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17 minutes ago, Genady said:

They do "go hand in hand" ( @exchemist) but they are different nevertheless. Energy is additive, mass is not. Energy with no mass, such as light, can be added to something and that something will acquire extra mass.

Sort of, ish. Light is not energy of course: it has energy (E=pc = νλ), which can be added to that of an entity that absorbs it, which will then gain mass according to E=mc². 

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26 minutes ago, exchemist said:

Sort of, ish. Light is not energy of course: it has energy (E=pc = νλ), which can be added to that of an entity that absorbs it, which will then gain mass according to E=mc². 

Of course. I should've said "such as that of light" or something similar. Otherwise, yes, this is what I mean.

I have a picture in mind where the light remains light, i.e. is not absorbed in a sense of being converted into something else. It will be there with no mass, but the entity will gain mass still.

Edited by Genady
minor grammar correction
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5 hours ago, Genady said:

Of course. I should've said "such as that of light" or something similar. Otherwise, yes, this is what I mean.

I have a picture in mind where the light remains light, i.e. is not absorbed in a sense of being converted into something else. It will be there with no mass, but the entity will gain mass still.

Hmm, do you mean that a glass prism gains mass if you shine a light through it? I struggle to see how that would work, I must admit.

Unless..........you mean that the coupling of the radiation to the medium "lends" some of its energy to it as it passes through, which I guess it does if its refractive index deviates from unity.   

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Just now, exchemist said:

Hmm, do you mean that a glass prism gains mass if you shine a light through it? I struggle to see how that would work, I must admit.

Unless..........you mean that the coupling of the radiation to the medium "lends" some of its energy to it as it passes through, which I guess it does if its refractive index deviates from unity.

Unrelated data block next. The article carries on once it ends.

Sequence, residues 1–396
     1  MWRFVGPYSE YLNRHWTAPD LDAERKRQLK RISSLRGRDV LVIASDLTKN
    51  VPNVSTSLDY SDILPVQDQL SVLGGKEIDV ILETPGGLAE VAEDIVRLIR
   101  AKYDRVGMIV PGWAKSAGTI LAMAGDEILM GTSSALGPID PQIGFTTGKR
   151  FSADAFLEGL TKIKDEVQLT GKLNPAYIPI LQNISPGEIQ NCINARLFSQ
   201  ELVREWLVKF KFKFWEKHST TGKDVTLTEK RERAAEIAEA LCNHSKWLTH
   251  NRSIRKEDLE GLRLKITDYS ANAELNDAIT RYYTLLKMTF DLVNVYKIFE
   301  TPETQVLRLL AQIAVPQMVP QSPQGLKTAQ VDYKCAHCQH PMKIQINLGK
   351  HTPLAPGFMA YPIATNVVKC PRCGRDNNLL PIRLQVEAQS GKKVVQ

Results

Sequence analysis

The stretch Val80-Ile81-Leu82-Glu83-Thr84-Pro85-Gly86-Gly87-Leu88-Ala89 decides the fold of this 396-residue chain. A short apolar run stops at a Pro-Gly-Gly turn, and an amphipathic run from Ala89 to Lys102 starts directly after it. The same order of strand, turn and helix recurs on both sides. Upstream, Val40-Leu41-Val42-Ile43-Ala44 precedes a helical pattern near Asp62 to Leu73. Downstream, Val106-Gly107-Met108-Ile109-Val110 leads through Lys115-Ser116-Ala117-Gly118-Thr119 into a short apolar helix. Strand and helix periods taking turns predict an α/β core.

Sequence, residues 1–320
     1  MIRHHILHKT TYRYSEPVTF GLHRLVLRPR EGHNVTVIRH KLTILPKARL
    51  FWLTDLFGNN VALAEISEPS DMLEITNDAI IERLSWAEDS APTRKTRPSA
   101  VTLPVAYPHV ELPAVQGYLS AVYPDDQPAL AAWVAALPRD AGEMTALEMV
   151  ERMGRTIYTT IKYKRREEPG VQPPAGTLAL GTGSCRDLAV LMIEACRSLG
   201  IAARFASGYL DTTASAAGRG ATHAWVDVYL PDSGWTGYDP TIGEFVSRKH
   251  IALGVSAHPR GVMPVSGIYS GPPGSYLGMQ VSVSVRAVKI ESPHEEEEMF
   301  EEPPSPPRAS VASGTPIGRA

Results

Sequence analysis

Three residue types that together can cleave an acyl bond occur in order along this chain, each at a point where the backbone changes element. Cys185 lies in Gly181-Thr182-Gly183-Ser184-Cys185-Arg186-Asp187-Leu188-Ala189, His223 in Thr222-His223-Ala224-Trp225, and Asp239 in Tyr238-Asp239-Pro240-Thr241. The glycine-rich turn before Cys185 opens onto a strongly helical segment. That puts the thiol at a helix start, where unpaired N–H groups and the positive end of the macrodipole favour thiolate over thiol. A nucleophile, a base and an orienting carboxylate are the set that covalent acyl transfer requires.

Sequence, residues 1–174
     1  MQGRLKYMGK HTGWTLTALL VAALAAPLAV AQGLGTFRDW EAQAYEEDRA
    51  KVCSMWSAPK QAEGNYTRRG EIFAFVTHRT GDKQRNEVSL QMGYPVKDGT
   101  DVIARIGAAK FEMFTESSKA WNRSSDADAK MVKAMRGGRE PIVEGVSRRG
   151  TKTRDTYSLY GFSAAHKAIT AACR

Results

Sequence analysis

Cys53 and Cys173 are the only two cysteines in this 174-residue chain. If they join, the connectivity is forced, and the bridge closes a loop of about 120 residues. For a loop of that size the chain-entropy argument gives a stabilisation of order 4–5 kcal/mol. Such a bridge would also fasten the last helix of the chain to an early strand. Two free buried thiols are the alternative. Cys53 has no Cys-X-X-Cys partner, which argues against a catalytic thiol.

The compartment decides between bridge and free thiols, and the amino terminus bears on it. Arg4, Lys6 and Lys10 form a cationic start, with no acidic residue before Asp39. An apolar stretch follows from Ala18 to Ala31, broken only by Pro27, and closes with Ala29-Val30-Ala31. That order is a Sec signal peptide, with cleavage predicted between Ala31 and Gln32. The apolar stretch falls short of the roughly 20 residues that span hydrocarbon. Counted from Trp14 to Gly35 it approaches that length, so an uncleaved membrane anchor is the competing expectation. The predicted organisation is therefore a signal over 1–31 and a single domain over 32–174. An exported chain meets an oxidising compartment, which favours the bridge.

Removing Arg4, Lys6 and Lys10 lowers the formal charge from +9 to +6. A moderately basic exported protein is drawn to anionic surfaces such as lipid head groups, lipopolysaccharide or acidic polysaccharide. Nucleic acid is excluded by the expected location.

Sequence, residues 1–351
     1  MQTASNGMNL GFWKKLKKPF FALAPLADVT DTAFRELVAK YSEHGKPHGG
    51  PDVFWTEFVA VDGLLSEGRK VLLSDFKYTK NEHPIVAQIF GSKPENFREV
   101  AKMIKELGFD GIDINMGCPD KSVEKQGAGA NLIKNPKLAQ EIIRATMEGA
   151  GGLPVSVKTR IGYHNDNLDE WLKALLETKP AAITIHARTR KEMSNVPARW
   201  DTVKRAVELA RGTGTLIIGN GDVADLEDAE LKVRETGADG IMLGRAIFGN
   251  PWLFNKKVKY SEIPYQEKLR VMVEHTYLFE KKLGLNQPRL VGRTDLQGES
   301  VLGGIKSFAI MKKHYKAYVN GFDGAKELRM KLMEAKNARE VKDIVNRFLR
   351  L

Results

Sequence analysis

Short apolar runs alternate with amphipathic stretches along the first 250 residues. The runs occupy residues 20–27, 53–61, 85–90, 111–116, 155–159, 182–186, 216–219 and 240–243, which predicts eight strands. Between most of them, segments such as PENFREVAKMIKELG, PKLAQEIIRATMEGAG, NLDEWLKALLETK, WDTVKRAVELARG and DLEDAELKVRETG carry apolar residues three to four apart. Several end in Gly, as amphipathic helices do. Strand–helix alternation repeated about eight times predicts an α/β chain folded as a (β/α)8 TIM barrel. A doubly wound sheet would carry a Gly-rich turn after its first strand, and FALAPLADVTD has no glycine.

No, I just mean mirrors. I take a box with internal walls being mirrors, let light in, say, through a little opening. Light just bounces inside from mirror to mirror (we can close the opening to make sure it doesn't escape). The mass of the box increased.

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  • 3 weeks later...
On 1/16/2022 at 9:51 AM, exchemist said:

Hmm, do you mean that a glass prism gains mass if you shine a light through it?

On 1/16/2022 at 9:54 AM, Genady said:

No, I just mean mirrors. I take a box with internal walls being mirrors, let light in, say, through a little opening. Light just bounces inside from mirror to mirror (we can close the opening to make sure it doesn't escape). The mass of the box increased.

I don't think the light has to be confined, and a system consisting of a glass prism with light shining through it should have more mass than just the prism.

As a thought experiment, consider a massive particle at rest, and a photon moving with +x velocity. The photon has no mass, but considering the two particles as one system, this is not its rest frame. In the system's rest frame, the massive particle has some -x momentum balancing the photon's momentum. As a system, the particles' kinetic energy contributes to the system's rest mass.

Likewise the prism+light's rest frame would be different from the prism's rest frame. I don't know if this is meaningful in general, since spacetime curvature depends on how the mass is distributed, and I can't imagine how to describe the effects of unconfined photons. However there are cases where it is meaningful, such as with a "kugelblitz", a black hole created by a dense concentration of light energy for example.

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24 minutes ago, md65536 said:

such as with a "kugelblitz", a black hole created by a dense concentration of light energy for example.

Nice little gizmos to think about relativity.

I totally agree that photons don't have to be confined to be able to assign them a mass. A bunch of photons radiating away from a point would have a mass. If you tried to accelerate the bunch of photons, you would find an inertia. Doing the experiment is another matter, of course.